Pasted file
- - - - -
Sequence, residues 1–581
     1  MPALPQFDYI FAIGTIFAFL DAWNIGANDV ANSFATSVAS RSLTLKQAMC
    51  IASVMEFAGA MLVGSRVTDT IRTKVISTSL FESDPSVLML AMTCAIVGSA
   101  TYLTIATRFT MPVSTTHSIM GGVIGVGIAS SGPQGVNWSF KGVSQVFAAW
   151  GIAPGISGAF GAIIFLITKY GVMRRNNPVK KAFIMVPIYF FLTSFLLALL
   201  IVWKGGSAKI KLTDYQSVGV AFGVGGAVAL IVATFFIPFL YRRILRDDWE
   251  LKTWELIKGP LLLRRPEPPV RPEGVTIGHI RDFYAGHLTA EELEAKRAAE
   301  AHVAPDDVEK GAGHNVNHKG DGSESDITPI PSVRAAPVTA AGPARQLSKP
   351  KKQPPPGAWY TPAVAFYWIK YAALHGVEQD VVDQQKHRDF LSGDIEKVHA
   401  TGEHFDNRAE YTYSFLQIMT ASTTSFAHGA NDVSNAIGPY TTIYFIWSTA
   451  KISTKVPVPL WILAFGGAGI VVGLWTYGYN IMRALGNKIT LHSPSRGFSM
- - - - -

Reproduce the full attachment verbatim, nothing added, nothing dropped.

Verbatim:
Sequence, residues 1–581
     1  MPALPQFDYI FAIGTIFAFL DAWNIGANDV ANSFATSVAS RSLTLKQAMC
    51  IASVMEFAGA MLVGSRVTDT IRTKVISTSL FESDPSVLML AMTCAIVGSA
   101  TYLTIATRFT MPVSTTHSIM GGVIGVGIAS SGPQGVNWSF KGVSQVFAAW
   151  GIAPGISGAF GAIIFLITKY GVMRRNNPVK KAFIMVPIYF FLTSFLLALL
   201  IVWKGGSAKI KLTDYQSVGV AFGVGGAVAL IVATFFIPFL YRRILRDDWE
   251  LKTWELIKGP LLLRRPEPPV RPEGVTIGHI RDFYAGHLTA EELEAKRAAE
   301  AHVAPDDVEK GAGHNVNHKG DGSESDITPI PSVRAAPVTA AGPARQLSKP
   351  KKQPPPGAWY TPAVAFYWIK YAALHGVEQD VVDQQKHRDF LSGDIEKVHA
   401  TGEHFDNRAE YTYSFLQIMT ASTTSFAHGA NDVSNAIGPY TTIYFIWSTA
   451  KISTKVPVPL WILAFGGAGI VVGLWTYGYN IMRALGNKIT LHSPSRGFSM